Will traditional books become obselete?
A book seems to be such a simple thing: a stack of papers, filled with words, glued together. However, everyone who has ever read a book knows that it is more than just a mere collection of letters. People use it for education, for entertainment, for distraction, for escaping reality. Displayed on a bookshelf, books are a reflection of our identity, or what we would like ourselves to be seen as. Depending on whether it’s a study book or a novel, the mere presence of a book can either foster a bad conscience or be an invitation to enter a fantasy world. But as with every medium, there are changes brought on by time and the evolution of society. Nowadays, literature is just an internet connection and a finger swipe away. E-books are the way to go for the "iPad generation".
Although the Koreans had already used movable metal letters for printing 200 years prior, the official invention of book printing is dated back to the around 1450. Johannes Gutenberg revolutionized the already existing printing methods which included stamps and wooden blocks; in these cases the layout and text of an entire page was carved into a wooden block, so you could use it as a stamp. Of course this was a very inflexible and time consuming task, especially considering the fact that an entire wooden block and days of work were useless if you made a mistake in your carvings. Gutenberg’s key achievement was combining these techniques with new printing colour and the invention of an instrument that would allow the faster production of detailed metal letters. He merged preexisting procedures into a conclusive printing system that wouldn’t change much for a long time afterwards. Consequently, if Gutenberg had walked into a book printing factory in the early 20th century, he would have still understood the processes despite the increased mechanization and efficiency of the procedure.
When you take a look at other media, it becomes even clearer how traditional books are and how they have remained relatively unchanged for over 750 years. Compared to the evolution of the TV, which only took around 90 years to go from black-and-white to HD channels and TV-on-demand, books have been very stable and resistant to societal change.
Only when the perceived value of knowledge kept increasing and many societies turned their focus from mechanical and industrial labor to information instead, books began to be re-vamped. With the development of the world wide web and communication technologies, enabling exchange of information across the world and easy data storage, there was the possibility to revolutionize the book market as well.
In 1988, the first electronic book was available for sale. It was the novel "Mona Lisa Overdrive" by William Gibson, which could be read on a computer screen. After that, a lot of investors and product developers wanted to develop this concept further. The traditional publishing houses remained unphased by this, since they believed that traditional books as a bearer of culture and knowledge could never be replaced. And they were right: in the 1990s, electronic books were almost exclusively used in the scientific field, as the search function and skipping function of them was useful for textbooks. In 1999, the first e-book reader was released by NuvoMedia, although it didn’t enjoy any commercial success. Only 8 years later, the e-book market really gained steam with the introduction of the Amazon Kindle. Already having drastically changed the book market by making literature always available to buy, Amazon was then leading the movement of digital reading.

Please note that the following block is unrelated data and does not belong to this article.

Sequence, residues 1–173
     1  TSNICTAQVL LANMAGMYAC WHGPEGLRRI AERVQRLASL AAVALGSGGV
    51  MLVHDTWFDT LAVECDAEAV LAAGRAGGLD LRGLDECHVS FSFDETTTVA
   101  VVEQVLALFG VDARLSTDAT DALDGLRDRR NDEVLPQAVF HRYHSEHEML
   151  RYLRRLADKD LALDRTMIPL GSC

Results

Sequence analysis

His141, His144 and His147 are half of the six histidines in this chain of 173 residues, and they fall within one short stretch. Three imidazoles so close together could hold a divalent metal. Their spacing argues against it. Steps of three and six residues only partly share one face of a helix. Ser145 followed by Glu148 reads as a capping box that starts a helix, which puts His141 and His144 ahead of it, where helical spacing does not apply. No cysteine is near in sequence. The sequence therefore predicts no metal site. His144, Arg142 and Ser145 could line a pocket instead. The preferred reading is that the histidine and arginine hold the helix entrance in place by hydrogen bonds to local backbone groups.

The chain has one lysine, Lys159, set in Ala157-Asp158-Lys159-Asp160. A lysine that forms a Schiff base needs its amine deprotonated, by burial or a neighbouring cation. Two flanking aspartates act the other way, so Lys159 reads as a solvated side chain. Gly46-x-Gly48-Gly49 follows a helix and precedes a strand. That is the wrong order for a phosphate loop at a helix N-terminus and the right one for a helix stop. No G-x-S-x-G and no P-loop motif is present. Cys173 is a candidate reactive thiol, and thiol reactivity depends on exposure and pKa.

The question is if this “revolution” will end in the traditional book becoming extinct. Tablets and netbooks are already very present in a lot of people's lives for a variety of functions, so it follows that users might as well convert to being e-readers. Adjustable font size, huge data storage capacity and search functions make the digital reading device not only attractive for scientists and students (which were the early adapters of this innovation) but also for every technology intrigued person. And there seem to be a lot of these people around: the number of e-reader users in the US in 2011 almost doubled compared to the year before. Newspapers and magazines reacted to that trend quickly and also made their releases available digitally.
So what about the “old school” publications? Will they slowly become a thing from the past, something we will show our grandchildren as a rare relic from times gone by? There is a certain group that will surely avoid this development in the near future: haptic people. People who like the feel of a page, the smell of a freshly printed book, the firstly pristine then more and more used cover; they see reading as something that can let us escape from our screen and computer-dominated world for a while. Likewise, students will still print out studies and essays although they could just as well read them on their laptop. The benefits being that passages can be marked, pages physically turned and notes scribbled in. Now one might argue that you have these functions to some extent on an e-reader too but for some people it doesn’t substitute a stack of rustling and touchable paper.
Sometimes we do not want to make our lives more efficient and convenient, or want adjustable letter size and hundreds of pages compressed in a little chip. We want to have our books with us on the beach, on the train, on our shelves. We enjoy the feeling of turning the first page of a brand new publication and value the worn down copies of our favorite novel. So when we read it once again, we see that sunscreen stain on page 120 and can think of the happy times on our last holiday with our beloved story.
The views expressed in this article are the author's own and do not necessarily reflect Fair Observer's editorial policy.
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